It’s been a long, frustrating end to a difficult season for many growers, especially in the south, where cloudy damp weather has slowed harvest progress. Others have been lucky enough to dodge showers and see the sun.
Results have been variable, following the cold dry early spring and the wet start to the summer, exacerbated by an explosion of disease in some areas and a lack of sunlight during grain fill.
It’s not the ideal season to be judging relative performance of varieties, with results turned on their head in trials up and down the country. However, yields in the main appear to have held up reasonably well on farm, and current prices will help shore up margins.
We talked to several growers to see how they have fared.
Wheat yields have been trimmed this season at PC Tinsley’s Hurn Hall Farm, near Holbeach in Lincolnshire.
“Crops looked as good as they have done for long time, nice and even and all standing,” says director Martin Cook.
“But yields are not happening to the extent we expected or wanted, which seems to be a problem in this part of the country. I think the poor weather at the end of June and early July has been the main problem – wet weather from May onwards is never good for us, as the silts cope much better in the dry.”
“It’s a bit different to last year when crops had torrid time but produced yield from nowhere.”
Yields on the grade one silty loams are generally coming in around the five-year average of 10t/ha – the farm grows quite a few second wheats plus drill into November after roots.
The 18ha block of RGT Saki, drilled after potatoes on 9 October and grown for seed, was in line with that figure, despite high disease pressure in early summer, which hit many varieties across the UK this season.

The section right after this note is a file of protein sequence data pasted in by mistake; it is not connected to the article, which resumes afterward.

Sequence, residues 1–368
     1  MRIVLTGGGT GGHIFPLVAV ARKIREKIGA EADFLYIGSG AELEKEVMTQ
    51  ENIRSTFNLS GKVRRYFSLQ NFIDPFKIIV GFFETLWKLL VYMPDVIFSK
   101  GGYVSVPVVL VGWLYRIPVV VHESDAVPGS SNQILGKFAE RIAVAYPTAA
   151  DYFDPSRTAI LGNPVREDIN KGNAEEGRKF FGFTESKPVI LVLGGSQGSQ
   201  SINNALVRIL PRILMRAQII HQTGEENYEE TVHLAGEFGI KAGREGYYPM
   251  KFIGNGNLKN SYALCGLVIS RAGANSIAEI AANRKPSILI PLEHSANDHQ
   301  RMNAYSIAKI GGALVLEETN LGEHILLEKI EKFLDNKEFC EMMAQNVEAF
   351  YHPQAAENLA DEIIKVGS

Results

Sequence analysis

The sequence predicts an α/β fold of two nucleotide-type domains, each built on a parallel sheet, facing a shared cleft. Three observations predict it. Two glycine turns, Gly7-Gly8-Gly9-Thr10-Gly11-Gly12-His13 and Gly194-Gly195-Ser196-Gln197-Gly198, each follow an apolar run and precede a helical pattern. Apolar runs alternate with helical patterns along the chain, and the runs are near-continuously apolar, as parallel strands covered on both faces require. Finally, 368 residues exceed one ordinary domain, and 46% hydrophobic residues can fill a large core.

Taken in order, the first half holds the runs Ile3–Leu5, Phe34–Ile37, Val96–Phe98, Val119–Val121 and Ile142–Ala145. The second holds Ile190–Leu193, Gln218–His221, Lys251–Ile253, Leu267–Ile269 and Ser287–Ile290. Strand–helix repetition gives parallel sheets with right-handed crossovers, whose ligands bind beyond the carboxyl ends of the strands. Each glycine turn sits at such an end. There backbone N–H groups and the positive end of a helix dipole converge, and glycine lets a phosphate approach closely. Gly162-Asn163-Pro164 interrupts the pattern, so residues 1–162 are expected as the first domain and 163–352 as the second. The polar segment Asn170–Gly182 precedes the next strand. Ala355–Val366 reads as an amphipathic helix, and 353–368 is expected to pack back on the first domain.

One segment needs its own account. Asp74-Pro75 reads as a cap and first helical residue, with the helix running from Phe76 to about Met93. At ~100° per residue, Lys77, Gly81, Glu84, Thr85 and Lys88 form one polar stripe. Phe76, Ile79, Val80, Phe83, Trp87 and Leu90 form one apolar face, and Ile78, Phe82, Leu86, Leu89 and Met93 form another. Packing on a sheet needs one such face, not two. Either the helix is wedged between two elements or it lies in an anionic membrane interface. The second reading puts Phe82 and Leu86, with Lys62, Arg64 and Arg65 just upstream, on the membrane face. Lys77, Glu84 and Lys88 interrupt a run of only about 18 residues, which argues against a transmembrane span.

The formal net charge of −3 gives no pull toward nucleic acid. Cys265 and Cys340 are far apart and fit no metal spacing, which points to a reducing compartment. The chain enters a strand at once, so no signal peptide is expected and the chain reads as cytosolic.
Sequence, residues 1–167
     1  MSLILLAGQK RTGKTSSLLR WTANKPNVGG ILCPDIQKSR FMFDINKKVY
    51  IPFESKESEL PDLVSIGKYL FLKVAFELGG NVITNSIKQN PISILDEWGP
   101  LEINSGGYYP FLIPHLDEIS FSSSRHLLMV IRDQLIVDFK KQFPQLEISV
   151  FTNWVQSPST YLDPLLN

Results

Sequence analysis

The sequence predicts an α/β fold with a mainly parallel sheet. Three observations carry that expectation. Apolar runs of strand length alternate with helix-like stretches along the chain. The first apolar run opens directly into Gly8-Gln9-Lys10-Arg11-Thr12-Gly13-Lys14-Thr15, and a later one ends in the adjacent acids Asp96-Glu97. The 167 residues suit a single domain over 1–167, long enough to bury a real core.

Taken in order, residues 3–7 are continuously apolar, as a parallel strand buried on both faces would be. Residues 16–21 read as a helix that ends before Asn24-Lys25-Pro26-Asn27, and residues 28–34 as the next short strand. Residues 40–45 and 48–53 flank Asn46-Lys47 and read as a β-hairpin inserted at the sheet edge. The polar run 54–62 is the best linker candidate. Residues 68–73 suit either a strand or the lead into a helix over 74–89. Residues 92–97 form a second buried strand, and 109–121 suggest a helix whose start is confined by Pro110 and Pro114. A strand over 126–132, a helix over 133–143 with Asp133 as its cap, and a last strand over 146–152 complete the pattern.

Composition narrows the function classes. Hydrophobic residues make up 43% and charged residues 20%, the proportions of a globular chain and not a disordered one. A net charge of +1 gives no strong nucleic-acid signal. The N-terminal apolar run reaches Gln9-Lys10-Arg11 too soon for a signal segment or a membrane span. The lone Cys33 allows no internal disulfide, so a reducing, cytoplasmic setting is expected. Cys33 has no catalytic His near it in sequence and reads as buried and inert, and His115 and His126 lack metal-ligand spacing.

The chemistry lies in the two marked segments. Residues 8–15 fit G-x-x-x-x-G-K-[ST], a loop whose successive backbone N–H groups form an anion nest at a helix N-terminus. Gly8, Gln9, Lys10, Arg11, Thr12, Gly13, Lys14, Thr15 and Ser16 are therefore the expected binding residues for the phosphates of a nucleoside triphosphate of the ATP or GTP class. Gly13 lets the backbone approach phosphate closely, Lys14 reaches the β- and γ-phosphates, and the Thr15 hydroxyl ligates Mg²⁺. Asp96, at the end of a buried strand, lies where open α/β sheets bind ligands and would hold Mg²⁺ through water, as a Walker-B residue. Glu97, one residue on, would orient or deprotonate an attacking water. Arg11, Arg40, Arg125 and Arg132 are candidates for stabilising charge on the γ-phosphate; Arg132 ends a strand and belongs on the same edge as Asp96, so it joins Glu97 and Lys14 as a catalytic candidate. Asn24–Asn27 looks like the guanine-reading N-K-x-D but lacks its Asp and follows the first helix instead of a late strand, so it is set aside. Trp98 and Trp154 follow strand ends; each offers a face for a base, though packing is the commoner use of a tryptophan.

“Local untreated trials went from almost clean to covered in few days,” says Martin. “In hindsight, our T2 wasn’t robust enough. I suspect Septoria was bubbling way in May and June but didn’t show. Then we had 70mm of rain in June and almost as much in July.
Last year his RGT Saki looked average at best, but yielded 11.5t/ha, the farm’s best performer. “It is at the top end when it comes to vigour – it seems to tiller out very well and looks to be very competitive.
“We will grow it again. It out-performed expectation last year and this year gave a solid 10 t/ha, which could been much more given better weather or management!”
Andrew Cawood’s wheats yielded well overall in Yorkshire, thanks to a drier and sunnier end to the season than many crops in the south and east had to endure.
The figures at Burley House Farm, South Milford are exceeding the 10t/ha budget for first wheats. His 23ha of RGT Saki was combi-drilled on 19 September after a pass with the TopDown, followed oilseed rape at 292 seeds/sq m.
“Anything that went in well to soil that was loosened and well drained has done well, and the Saki looked good throughout. We deliberately started earlier last year after two very wet autumns and it seems to have paid off.”
The crop averaged 11t/ha. “It’s very pleasing – everyone in the area seems to be having a good harvest.”
Skewing nitrogen application later in the season has helped. “It was cold and dry early on so we held off, and backloaded the N, putting 60kg/ha on in the last split,” says Andrew.
“We had more rain then and it helped keep crops growing, and they seem to have finished well. We should make some good money this year.”
He is growing RAGT wheats exclusively this coming season. RGT Saki and RGT Gravity will feature again, as will RGT Bairstow, a new high-yielding feed wheat with excellent disease resistance.
RGT Saki has delivered above-average yields for JP Mason & Sons, ranging from 4.,2 to 4.35t/ha across 48ha. Half was sown on 10 September after oilseed rape, the rest 10 days later after beans.
“We aim for 10t/ha,” says partner Stephen Mason. “We’ve had a pretty good harvest and the Saki has been towards the top end.”
The crop stayed fairly clean, despite a relatively modest fungicide spend. “It was cold early on and crops were scorched enough, so we omitted a T0, and we cut back on T1 because it very dry.
“By T2 we had some showers and there was rain in the forecast, so we applied 1.25 litres/ha of Adexar. The crop stayed fairly clean, and we applied 0.5litres/ha of tebuconazole + Amistar at T3.”
Stephen plans to grow more RGT Saki next autumn, upping the area to help spread the harvest. “Being a bit later than other wheats it helps take the pressure off if we get delayed, as it is less likely to be overripe when we do get to cut it.
“There is also a good market for straw in this area, and crops get too fit the straw smashes up. We haven’t seen that problem with Saki, which is another good reason to be growing more.”